Winter in the Rockies are magical – yes any time of season can be defined as magical so what makes the winter different? For me it is the dead silence that envelopes one of our nations most populated/visited national parks. In the summer I’d probably encounter one, if not two other people, on the trails pre-dawn but in the winter….not a single soul. It is just me and the watchful eyes of the elk wondering what the hell it is that I’m doing that early when it is this damn cold!?!
Dream Lake in the dead of Winter (Rocky Mountain National Park)
Regardless of the temperatures there is nothing that makes me happier than seeing the light hit the peaks as daybreaks on the Rockies. I only wish that during these trips I knew better how to use my GoPro because I would have taped it to a tree and captured the movement of the sun over the mountains as the day announces itself.
We should have already landed in Cape Town a week from now for the start of our African Vacation. We’ve been planning it for almost a year and a half and it is finally here – crazy how it sneaks up on you as we still have a lot to finish up this week in preparation to be gone for over two weeks.
The image below is from one of my favorite and easiest landscape photography spots in Rocky Mountain National Park. An easy trail winds around the lake from the parking lot and brings you to this spot which – in the summer – has these two rocks prominently occupying the foreground of the image. I know I’ve posted a lot of Sprague Lake shots in the past but the blue sky in this one and clouds reflecting in the lake make it one of my favorites for non-sunrise/sunset times of day.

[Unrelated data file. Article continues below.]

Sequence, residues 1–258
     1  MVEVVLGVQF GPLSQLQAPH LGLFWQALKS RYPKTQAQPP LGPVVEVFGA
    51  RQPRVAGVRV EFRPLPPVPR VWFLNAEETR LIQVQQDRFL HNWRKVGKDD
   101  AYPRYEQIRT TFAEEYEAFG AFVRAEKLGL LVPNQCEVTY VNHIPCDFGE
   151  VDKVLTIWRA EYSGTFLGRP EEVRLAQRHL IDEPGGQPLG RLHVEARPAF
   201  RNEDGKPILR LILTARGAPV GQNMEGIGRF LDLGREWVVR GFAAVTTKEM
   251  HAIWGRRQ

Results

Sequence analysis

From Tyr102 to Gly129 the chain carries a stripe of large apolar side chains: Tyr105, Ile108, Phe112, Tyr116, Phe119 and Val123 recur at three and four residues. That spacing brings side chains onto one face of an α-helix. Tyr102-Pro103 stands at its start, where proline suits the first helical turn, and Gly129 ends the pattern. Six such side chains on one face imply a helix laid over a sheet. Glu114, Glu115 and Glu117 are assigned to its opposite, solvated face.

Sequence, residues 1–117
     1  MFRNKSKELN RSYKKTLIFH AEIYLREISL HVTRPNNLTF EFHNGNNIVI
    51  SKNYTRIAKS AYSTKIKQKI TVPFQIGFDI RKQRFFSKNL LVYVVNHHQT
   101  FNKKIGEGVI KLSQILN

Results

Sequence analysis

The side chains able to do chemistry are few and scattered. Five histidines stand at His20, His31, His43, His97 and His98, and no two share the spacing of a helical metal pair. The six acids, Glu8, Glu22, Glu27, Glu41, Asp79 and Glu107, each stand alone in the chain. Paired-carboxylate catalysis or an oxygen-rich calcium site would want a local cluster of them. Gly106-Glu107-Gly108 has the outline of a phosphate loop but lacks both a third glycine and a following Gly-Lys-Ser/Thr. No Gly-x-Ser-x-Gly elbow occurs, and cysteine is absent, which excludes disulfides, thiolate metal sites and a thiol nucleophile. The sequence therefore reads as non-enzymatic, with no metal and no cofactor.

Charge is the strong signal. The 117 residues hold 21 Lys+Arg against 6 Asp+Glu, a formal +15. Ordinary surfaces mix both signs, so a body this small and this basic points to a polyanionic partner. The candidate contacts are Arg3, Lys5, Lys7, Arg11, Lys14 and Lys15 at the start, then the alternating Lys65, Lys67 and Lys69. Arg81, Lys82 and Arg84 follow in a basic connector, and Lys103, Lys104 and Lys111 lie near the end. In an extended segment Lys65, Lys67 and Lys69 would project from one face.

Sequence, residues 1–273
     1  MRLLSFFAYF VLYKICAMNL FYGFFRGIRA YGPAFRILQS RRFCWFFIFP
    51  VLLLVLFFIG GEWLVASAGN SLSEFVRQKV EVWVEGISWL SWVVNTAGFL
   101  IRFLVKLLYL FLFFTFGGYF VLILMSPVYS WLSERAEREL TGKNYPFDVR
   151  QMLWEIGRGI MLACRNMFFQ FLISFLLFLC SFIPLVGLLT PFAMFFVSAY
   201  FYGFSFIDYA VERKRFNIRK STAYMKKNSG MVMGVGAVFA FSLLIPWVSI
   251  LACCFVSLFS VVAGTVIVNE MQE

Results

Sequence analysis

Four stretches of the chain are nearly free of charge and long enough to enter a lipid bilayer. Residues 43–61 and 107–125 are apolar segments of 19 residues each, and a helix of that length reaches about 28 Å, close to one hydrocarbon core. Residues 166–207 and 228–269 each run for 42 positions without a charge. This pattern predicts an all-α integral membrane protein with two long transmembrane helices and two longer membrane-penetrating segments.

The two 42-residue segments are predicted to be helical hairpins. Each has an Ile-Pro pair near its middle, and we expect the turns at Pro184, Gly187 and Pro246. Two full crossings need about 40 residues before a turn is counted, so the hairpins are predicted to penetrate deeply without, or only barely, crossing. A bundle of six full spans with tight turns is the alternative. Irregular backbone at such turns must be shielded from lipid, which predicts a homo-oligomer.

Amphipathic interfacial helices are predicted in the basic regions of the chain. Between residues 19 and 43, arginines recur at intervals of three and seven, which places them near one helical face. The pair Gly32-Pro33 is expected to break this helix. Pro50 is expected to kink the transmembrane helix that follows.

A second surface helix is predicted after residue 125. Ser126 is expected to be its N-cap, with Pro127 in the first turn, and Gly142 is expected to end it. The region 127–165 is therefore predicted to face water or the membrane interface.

Sprague Lake (Rocky Mountain National Park)
I spent a cold morning taking pictures of Hallett’s Peak over Dream Lake. As the sun rose and the late morning hikers gathered I started my descent down the trail. On my way down I gazed over at Long’s Peak and noticed the unique cloud formation building above it. I unpacked my camera gear and waited a few minutes as the clouds passed over top of the highest mountain in Boulder County (rising to 14,259 feet).
Clouds over Long’s Peak (Rocky Mountain National Park)
I’m not sure what kind of cloud it is – does anyone have any ideas? I thought it was lenticular at first but think those build vertical up through the sky and these clouds seemed pretty flat.
I came down with a pretty nasty cold last week that took me out of commission for a few days. I’m finally feeling a bit better today which is good because I’ve got a bunch of travel coming up the next three weeks. No personal trips mixed in there though so will have to keep drumming up old travel photos like this one from Rocky Mountain National Park during the summer of 2014. I was with my wife vacationing after a business meeting and woke up one morning to make the 3.5 mile round-trip hike to Emerald Lake.
The easily accessible trailhead, Bear Lake Trailhead – the busiest in the park, is often over crowded by 10 AM so if you plan on going hiking here be sure to get there early or just plan on parking in one of the remote parking areas and taking the shuttle to the trailhead. Alternatively, you can hike to this spot by adding some distance if you start at the Bierstedt Lake Trailhead. The trail is well maintained and takes you by two other lakes – Nymph Lake and Dream Lake – as it winds through pine and aspen trees.